The Warehouse looked uncannily like… well… a warehouse!
Apparently there had just been a tornado there. When we were driving to the venue we saw chimneys lying destroyed on the roofs of houses and other general signs of destruction.
The sound at this gig was pretty bad! We played ok but, due to the fact that we were playing in a warehouse, I’m pretty sure there was a massive amount of reverb which probably took away any clarity from the sound… I could be wrong though… I wasn’t out front. On stage I could hear two drummers… the Carl onstage and the Carl being reflected off the back wall!
Despite the adverse sound conditions I remember this gig well, and perhaps always will, as a great experience. It was at this gig that I had my reason for being on stage challenged. I’m sorry to say that, in most musical situations I had found myself in before this gig, being on-stage was about ME showing people what I could do. However, the fact that the town had just been hit by a tornado coupled with the fact that the acoustics were not great at the venue, inspired a new perspective on performing. Whilst I was playing I had a realisation that some people in the audience had probably suffered a great deal due to the tornado and so I really wanted to give them something… I really wanted to give them a good performance, a lift and (pardon the cheese) an evening of light to lift them away from the dark situation that they had found themselves in. I remember “Fanfare for the Common Man” being a particularly reflective moment in the evening… the intro music made me feel emotional (well, almost, I am British you know!).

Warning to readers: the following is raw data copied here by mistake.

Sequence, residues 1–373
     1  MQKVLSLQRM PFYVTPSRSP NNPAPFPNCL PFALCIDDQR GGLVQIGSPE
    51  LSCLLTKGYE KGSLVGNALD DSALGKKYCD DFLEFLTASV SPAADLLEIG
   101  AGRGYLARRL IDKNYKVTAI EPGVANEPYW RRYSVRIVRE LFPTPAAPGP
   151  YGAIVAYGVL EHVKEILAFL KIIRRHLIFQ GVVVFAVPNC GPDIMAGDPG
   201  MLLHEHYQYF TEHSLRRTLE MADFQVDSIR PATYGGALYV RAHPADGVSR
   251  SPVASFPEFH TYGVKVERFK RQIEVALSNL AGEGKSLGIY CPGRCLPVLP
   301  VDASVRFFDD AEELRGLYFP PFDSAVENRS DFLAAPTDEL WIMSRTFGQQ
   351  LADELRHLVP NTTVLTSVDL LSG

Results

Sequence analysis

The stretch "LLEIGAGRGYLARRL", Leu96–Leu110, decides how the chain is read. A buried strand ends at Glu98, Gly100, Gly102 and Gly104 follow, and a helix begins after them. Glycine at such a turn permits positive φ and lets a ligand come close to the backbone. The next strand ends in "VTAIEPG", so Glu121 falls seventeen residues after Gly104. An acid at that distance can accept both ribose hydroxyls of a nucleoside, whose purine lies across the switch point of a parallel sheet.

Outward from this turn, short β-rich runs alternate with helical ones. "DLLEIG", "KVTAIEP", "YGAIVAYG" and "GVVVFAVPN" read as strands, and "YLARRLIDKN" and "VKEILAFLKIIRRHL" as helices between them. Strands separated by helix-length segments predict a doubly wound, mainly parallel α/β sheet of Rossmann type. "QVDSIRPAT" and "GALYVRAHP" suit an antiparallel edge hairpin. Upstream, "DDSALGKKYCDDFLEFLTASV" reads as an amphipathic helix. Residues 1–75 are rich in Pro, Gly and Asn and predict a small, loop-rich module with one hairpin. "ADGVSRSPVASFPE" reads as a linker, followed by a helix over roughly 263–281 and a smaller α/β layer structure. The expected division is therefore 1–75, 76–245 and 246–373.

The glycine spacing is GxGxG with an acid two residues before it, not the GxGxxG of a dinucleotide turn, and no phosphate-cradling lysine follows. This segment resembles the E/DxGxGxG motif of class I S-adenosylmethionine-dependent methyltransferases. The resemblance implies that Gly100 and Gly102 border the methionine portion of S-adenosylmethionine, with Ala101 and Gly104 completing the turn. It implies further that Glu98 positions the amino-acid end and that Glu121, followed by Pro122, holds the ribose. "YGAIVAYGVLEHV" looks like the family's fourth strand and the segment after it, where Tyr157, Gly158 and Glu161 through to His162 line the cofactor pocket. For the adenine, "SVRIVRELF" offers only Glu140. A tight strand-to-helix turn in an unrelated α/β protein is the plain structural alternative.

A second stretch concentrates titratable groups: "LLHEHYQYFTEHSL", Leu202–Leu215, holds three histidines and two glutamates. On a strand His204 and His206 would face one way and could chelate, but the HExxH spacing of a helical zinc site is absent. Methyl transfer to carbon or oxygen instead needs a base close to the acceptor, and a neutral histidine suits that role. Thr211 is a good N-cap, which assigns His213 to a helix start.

Throughout the rest of the tour Fanfare, in particular the intro music (solo trumpet played from a CD), has had the same effect on me. I’ve often taken the time to just look round the audience, taking in all we have in common.